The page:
Trillium. Beth Root. Trillium erectum.
Trillium. N. F. IV. Beth Root. Birth Root. Wake Room. Trillium, Fr., G.—"The dried rhizomes of Trillium erectum Linné and closely allied species of Trillium (Fam. Liliaceae)." N. F.
It is described in the N. F. as follows: "Rhizome oblique, globular, oblong or obconical, truncate, below, terminated by a small bud surrounded by a sheath of scarious leaf bases, annulated by leaf scars and fissured by stem scars. It is from 0.6 to 5 cm. in length and from 0.6 to 2.5 cm. in width, more or less compressed laterally, rootlet scars in several concentric rows on the under side in the upper portions. Externally yellowish to reddish-brown; internally of a pale yellow; fracture somewhat uneven with a more or less spongy appearance. Odor distinct; taste bitter and acrid with a sensation of warmth in the throat and when chewed causing an increased flow of saliva. Trillium yields not more than 5 per cent. of ash."
The indigenous species, T. erectum L. is said to have been employed by the aborigines, and also used by the early settlers; it still has some vogue under the name of beth root as an astringent and tonic expectorant; also in hemorrhages and to hasten parturition and as a local irritant in skin diseases. Dose, of powdered root, a. drachm (3.9 Gm.) three times a day. E. S. Wayne found in it a substance supposed to be saponin. It is said also to contain volatile oil and tannic acid. D. J. Prendergast believes that the Trillium erectum contains a glucoside similar to convallamarin. (Am. Drug., Nov., 1887.) For details, see 16th edition, U. S. D. Vivian I. Reid (A. J. P., 1892, 67) found a small quantity of fixed oil, saponin to the extent of 4.86 per cent. and an acid crystalline principle which is colored purplish-brown by sulphuric acid and light green with sulphuric acid and potassium dichromate.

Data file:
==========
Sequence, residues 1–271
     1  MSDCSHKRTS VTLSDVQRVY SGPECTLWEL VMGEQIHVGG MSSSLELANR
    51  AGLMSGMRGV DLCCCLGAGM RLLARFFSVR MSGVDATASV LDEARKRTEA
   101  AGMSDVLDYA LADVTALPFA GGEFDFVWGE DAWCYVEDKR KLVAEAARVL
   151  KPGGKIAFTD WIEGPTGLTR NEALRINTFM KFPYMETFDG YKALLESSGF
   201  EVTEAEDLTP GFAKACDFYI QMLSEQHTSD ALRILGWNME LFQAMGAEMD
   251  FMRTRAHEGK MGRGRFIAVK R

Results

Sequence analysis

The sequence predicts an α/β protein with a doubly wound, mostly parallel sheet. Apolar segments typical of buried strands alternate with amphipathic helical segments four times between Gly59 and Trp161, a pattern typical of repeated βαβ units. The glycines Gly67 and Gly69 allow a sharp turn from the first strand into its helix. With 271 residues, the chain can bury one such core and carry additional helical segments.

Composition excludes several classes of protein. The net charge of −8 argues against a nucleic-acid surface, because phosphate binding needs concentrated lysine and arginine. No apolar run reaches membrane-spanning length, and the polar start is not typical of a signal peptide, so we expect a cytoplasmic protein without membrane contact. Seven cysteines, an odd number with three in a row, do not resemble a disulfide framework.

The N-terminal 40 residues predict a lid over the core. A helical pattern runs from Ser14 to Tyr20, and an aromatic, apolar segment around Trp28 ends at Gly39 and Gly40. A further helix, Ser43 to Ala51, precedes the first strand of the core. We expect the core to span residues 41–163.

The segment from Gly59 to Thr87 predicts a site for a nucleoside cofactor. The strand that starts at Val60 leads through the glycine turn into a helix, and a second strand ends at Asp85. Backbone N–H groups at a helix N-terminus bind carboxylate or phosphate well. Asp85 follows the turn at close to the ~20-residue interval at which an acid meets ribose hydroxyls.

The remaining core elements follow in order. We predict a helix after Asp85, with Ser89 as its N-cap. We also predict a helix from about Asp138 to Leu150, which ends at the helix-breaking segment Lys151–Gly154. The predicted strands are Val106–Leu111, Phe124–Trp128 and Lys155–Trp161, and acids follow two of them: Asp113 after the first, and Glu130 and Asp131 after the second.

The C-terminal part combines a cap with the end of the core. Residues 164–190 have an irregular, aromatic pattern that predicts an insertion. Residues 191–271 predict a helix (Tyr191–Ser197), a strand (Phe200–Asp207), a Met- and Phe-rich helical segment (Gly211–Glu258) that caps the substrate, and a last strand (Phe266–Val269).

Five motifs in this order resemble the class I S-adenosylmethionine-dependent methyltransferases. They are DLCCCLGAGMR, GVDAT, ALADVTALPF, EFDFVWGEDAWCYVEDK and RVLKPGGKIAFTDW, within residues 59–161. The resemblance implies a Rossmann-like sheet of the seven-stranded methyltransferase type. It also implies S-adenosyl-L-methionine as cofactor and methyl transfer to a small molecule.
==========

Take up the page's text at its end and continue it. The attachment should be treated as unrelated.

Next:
This rhizome was introduced into the N. F. IV to use in the preparation of the fluidextract of trillium with three volumes of alcohol and one volume of water. The fluidextract is an ingredient in compound elixir of viburnum opulus.
The Dispensatory of the United States of America, 1918, was edited by Joseph P. Remington, Horatio C. Wood and others.